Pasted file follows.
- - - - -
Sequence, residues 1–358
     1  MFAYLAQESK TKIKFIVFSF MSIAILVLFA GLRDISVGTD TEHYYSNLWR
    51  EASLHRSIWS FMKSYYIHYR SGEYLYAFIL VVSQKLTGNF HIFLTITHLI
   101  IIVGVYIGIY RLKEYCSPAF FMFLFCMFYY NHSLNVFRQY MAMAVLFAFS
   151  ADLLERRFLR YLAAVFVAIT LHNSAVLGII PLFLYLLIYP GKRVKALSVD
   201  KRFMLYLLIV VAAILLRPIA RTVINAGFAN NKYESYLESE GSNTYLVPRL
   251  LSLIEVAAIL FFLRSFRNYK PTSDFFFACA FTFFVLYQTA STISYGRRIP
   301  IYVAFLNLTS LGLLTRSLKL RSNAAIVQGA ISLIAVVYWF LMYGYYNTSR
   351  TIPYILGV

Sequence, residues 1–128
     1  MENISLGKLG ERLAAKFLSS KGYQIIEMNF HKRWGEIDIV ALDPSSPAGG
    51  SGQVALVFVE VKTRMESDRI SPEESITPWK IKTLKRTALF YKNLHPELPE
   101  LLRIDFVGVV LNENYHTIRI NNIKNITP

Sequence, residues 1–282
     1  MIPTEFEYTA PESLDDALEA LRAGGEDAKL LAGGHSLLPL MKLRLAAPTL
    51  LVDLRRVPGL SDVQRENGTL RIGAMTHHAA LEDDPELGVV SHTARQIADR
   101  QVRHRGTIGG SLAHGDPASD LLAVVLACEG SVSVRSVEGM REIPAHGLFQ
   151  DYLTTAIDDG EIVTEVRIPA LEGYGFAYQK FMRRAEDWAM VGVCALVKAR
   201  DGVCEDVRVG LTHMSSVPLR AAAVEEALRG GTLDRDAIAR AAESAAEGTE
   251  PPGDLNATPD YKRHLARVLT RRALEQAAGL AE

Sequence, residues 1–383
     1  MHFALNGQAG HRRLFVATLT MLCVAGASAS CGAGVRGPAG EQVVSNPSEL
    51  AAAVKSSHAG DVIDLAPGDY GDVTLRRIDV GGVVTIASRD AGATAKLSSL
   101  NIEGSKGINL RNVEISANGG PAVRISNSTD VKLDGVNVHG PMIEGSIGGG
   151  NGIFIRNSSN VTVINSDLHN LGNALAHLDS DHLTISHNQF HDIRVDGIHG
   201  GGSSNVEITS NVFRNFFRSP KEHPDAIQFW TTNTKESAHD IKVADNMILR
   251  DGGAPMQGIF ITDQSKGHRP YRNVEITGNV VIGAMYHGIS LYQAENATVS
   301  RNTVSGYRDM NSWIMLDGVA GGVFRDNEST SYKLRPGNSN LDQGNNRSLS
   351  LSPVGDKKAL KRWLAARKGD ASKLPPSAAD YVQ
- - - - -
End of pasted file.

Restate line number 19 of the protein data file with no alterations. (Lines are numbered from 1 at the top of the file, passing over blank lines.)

   201  DGVCEDVRVG LTHMSSVPLR AAAVEEALRG GTLDRDAIAR AAESAAEGTE